#NextGenATP Canadian Denis Shapovalov has accomplished plenty in his young career. But entering his match Saturday against Yuichi Sugita at the Intrum Stockholm Open, he had never reached an ATP Tour final.
The 20-year-old carried an 0-7 record in tour-level semi-finals into his clash with the Japanese lucky loser, and his frustration showed after misfiring from the baseline in the early going to trail by a break. But Shapovalov recovered well, defeating Sugita 7-5, 6-2 to make his breakthrough in Sweden.
“It feels amazing. Kind of a tough beginning. I think he played really well at the beginning,” Shapovalov said. “I was a little bit nervous, so I’m really happy to turn the match around.”
It was a long time coming for Shapovalov, who has climbed as high as No. 20 in the ATP Rankings and earned two victories against Top 10 opponents. He made three of his previous semi-finals at ATP Masters 1000 events.
“I’ve played a lot of semis it feels like, so it’s really exciting to be into my first final. I’ve had some bad luck, some tough matches in the semis,” Shapovalov said. “But on the other side making the semi-finals is a good sign, so I knew sooner or later the win was going to come, so I’ve stayed pretty patient.”
Once Shapovalov recovered the early break he let slip, the Canadian began to play much more measured tennis, using his aggression, but being more patient to avoid giving Sugita free points via unforced errors. The Japanese player was unable to find the energy to battle back after needing more than three hours on Friday evening to defeat Janko Tipsarevic in the quarter-finals.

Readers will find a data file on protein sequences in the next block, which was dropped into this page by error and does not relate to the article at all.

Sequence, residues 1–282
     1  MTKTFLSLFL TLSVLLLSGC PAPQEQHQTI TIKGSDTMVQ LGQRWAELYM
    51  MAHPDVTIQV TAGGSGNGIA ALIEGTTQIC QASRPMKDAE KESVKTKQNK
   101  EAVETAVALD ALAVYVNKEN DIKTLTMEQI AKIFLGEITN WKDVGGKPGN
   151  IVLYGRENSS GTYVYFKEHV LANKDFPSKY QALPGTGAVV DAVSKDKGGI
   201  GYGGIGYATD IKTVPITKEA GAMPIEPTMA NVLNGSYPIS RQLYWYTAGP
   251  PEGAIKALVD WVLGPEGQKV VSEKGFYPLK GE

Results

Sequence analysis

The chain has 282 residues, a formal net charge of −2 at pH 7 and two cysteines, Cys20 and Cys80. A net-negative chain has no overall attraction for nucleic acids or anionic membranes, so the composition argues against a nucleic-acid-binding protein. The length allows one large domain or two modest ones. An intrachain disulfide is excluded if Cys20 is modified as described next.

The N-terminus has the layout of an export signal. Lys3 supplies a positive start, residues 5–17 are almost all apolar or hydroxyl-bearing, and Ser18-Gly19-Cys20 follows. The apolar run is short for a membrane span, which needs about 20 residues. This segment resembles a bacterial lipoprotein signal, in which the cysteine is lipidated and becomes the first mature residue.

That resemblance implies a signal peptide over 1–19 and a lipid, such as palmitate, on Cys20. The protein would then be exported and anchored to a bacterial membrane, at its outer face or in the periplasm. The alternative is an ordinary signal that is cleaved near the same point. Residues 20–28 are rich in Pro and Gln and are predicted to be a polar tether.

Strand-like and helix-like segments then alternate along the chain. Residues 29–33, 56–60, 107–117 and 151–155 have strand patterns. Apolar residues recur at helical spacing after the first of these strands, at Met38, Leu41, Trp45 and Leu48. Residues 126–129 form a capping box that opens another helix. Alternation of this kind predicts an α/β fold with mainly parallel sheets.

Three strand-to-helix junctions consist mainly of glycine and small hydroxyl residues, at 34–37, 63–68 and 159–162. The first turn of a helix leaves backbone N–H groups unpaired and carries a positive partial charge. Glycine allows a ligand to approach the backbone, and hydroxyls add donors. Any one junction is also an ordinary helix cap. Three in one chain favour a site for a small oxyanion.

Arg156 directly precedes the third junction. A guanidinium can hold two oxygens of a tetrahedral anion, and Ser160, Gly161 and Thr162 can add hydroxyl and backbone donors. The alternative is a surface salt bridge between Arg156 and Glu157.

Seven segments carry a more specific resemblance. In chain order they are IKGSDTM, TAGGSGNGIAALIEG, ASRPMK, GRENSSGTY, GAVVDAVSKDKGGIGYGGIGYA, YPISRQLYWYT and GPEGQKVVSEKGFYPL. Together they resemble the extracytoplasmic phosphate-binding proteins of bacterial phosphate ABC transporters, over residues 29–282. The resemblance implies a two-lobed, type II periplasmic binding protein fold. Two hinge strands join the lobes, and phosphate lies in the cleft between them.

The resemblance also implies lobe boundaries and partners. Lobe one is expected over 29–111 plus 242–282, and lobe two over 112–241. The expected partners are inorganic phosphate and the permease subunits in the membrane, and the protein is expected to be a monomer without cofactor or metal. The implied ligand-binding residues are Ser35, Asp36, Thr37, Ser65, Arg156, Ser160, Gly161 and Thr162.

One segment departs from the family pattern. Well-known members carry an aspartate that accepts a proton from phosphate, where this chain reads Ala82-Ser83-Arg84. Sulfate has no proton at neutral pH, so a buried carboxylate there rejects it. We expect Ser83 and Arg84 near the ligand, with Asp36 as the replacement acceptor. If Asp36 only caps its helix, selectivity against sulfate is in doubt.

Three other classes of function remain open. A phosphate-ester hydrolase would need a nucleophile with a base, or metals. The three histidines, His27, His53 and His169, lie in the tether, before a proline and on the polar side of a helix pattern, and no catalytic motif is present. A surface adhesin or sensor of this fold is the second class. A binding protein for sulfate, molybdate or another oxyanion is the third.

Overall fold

Shapovalov will face Serbian Filip Krajinovic, who is also pursuing his first ATP Tour crown, for the title. Krajinovic arrived in Stockholm on a three-match losing streak, but the World No. 60 has reversed his fortunes in a major way. Krajinovic rallied past fifth seed Pablo Carreno Busta 4-6, 6-3, 6-3 to reach the championship match of the Intrum Stockholm Open.
“I don’t know him much. Obviously I’ve seen him play here and there, but he looks like he’s got a pretty big serve. He likes to go for his shots, pretty similar to me. I think it’s going to be an exciting match,” Shapovalov said. “To be honest, I’m just happy to be through to my first final. The rest, I just get to enjoy. Obviously I’d love to win the match and win my first title, but if not, it’s a big step to make the final this week, so I’m really happy with where I stand.”
Krajinovic has a career-high 27 tour-level wins this year, including a trip to his second ATP Tour final in Budapest, where he was a qualifier. Almost two years ago, he enjoyed a stunning run to the championship match of the Rolex Paris Masters, an ATP Masters 1000 event, where he fell to Jack Sock with the trophy on the line.
“Thanks guys for coming to watch this match, it means a lot to me,” Krajinovic told the crowd. “Playing in the Stockholm final, it’s a dream come true.”
It looked in the early going like he would not get a chance to lift his maiden trophy, with Carreno Busta going up an immediate break. Even after Krajinovic recouped that break, Carreno Busta got it back at the end of the set when the Serbian hit an ill-advised drop shot to allow the Spaniard to rush the net.
But from the second set on, Krajinovic began to increasingly get the first strike in rallies and run Carreno Busta around the court. He won 47 per cent of his return points and broke serve five times in the match to triumph after two hours and nine minutes, earning himself a chance to battle for all the Stockholm glory.
“For sure I will give my best. It’s my third ATP final,” Krajinovic said. “I hope tomorrow it’s going to be my first [trophy], but I know it’s going to be very difficult.”
Did You Know?
With a first-time ATP Tour champion guaranteed on Sunday, it will mark the 15th first-time titlist this season. That is the most first-time winners in a season since 1999, when there were 16